Apart from smartphones, an increasing adoption of Mali-400 can also be observed in the high-volume tablet market, especially for low-end platforms, at the expense of mainly Imagination's PowerVR, while Vivante's GPU cores have increasingly been marginalized. Most of the highest volume tablet SoCs over the last few years have been equipped with Mali-400, such as Allwinner's A1x and the currently ramping Allwinner A33, Rockchip's RK3066, RK3188 as well as Rockchip's low-end platforms.
Other Chinese chip companies that are well-funded or have potential for growth, such as HiSilicon and Leadcore Technology, currently also concentrate on Mali-400 series cores.
Mali-450: A faster, more efficient Mali-400
The Mali-450 MP is a more recent GPU core which, while remaining mostly limited to the feature set of the Mali-400 MP (such as no support for OpenGL ES 3.x), is significantly faster than the Mali-400 MP and is likely to be relatively efficient. Vertex processing throughput (triangles) is doubled compared to an identically-clocked Mali-400 MP, and although pixel fill-rate per core is similar to that of the Mali-400 MP, Mali-450 MP cores can generally be clocked higher. It also includes additional architectural optimizations designed to minimize power use and memory bandwidth requirements. Compared to the Mali-400 MP, the Mali-450 MP increases the maximum number of cores from four to eight.
MediaTek has adopted this core for some smartphone and tablet chips. Due to continuing reliance by mobile graphics applications on OpenGL ES 2.0 as the de-facto standard, the Mali-450 MP GPUs are likely to remain viable as above-average performance GPUs and have benefits in terms of power consumption and cost, while avoiding the inherent overhead associated with the need to support Open GL ES 3.x and other APIs in modern GPUs such as Mali-T6xx, Mali-T7xx and the PowerVR Rogue series.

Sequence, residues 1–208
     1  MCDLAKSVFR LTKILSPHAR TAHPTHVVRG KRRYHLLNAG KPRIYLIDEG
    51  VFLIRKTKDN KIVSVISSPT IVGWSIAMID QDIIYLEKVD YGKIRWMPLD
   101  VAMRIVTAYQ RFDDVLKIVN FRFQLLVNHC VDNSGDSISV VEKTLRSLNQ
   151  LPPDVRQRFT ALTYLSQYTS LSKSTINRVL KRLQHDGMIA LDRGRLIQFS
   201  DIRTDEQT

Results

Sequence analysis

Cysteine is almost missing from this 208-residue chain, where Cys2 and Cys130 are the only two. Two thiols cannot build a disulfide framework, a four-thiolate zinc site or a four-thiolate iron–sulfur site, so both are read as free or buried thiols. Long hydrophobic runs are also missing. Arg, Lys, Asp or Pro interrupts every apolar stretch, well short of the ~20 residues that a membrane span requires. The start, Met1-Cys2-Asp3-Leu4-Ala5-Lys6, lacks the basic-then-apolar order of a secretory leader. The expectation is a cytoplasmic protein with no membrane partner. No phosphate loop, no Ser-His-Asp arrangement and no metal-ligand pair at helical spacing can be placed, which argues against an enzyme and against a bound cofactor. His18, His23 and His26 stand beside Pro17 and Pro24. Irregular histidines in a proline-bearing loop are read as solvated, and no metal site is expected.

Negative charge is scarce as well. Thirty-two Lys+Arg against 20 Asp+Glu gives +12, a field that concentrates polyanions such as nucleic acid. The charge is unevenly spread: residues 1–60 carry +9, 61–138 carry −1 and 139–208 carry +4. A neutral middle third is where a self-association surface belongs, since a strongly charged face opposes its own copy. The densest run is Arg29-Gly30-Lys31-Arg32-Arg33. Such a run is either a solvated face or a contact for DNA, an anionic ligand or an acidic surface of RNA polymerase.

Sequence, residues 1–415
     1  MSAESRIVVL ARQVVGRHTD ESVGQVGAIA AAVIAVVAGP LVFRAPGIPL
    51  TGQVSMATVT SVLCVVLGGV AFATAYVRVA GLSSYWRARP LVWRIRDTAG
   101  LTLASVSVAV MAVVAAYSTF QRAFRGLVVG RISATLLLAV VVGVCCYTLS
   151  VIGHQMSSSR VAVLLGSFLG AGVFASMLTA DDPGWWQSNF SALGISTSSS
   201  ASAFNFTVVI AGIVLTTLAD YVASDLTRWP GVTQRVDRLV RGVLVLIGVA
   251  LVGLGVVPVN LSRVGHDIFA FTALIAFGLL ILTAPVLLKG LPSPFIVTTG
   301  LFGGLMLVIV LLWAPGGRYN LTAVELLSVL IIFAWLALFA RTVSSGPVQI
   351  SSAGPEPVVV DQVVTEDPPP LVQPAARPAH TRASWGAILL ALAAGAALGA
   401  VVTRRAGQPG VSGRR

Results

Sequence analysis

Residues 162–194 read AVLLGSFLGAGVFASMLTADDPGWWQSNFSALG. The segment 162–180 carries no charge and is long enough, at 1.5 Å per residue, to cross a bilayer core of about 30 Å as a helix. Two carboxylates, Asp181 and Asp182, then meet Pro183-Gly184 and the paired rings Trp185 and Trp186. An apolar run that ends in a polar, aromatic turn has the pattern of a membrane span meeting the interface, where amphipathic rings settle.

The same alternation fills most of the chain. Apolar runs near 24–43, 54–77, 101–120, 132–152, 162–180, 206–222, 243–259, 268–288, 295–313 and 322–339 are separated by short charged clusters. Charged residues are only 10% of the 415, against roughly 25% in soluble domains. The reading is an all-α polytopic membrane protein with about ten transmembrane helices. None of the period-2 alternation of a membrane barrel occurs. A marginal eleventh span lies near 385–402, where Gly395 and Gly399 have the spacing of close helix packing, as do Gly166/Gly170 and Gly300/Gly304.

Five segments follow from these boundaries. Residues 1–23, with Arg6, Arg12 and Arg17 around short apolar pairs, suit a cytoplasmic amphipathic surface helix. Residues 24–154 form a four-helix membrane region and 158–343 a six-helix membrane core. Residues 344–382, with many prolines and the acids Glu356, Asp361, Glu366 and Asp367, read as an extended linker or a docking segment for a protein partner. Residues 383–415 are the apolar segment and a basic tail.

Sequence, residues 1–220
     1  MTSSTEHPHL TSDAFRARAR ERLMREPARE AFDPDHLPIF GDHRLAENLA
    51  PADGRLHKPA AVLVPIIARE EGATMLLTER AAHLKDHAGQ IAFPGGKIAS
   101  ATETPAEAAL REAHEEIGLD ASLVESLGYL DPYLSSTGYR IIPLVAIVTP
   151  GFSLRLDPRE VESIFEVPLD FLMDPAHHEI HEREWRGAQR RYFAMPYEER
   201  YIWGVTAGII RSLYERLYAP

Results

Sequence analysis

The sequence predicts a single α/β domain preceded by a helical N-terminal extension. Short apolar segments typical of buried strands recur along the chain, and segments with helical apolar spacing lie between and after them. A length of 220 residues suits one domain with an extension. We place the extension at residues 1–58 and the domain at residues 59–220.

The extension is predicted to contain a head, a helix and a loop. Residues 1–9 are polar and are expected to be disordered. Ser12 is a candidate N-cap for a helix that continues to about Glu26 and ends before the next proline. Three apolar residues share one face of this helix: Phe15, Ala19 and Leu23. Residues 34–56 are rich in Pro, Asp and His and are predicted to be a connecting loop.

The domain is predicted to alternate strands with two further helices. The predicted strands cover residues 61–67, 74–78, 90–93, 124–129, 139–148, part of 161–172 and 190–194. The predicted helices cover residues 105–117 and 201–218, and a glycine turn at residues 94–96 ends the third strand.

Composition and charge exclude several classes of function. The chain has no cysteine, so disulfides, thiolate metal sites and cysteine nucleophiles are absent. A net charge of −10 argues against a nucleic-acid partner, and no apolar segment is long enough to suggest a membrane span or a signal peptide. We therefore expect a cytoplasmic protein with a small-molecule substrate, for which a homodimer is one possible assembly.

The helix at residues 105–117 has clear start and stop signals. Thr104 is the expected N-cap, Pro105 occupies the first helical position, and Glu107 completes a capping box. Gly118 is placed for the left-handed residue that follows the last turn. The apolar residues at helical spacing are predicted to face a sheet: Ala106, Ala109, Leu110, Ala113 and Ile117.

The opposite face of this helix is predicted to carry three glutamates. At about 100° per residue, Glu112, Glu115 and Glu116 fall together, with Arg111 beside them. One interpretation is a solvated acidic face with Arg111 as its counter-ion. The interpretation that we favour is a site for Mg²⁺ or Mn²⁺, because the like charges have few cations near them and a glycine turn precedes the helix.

However, ARM's Mali-T7xx series, and particularly the upcoming lower-end Mali-T72x series, are designed to work in tandem with other new IP cores from ARM (including CPU cores, video processing cores and 2D graphics cores) and provide potentially significant power saving and performance improvement from the use of framebuffer data compression techniques, which reduces unnecessary memory access associated with unchanged regions of the screen or framebuffer, reducing memory bandwidth requirements. This may increase performance in low-end devices without requiring any costly upgrade from the typically used 32-bit DRAM interface with memory clocked at power-friendly frequencies.
Limited memory bandwidth is already likely to be a bottleneck for the Mali-450 GPU as implemented in chips such as MediaTek's MT6592 and MT8127, which have a 32-bit memory interface, similar to the interface used in lower end chips with a Mali-400 GPU. Chips using next-generation GPUs such as Mali-T6xx/T7xx or PowerVR Rogue typically have a dual-channel or 64-bit DRAM interface. It would be interesting to see to what extent a Mali-450 implementation could benefit from a similar higher-performance memory interface.
Overview of notable SoCs using Mali-400 or Mali-450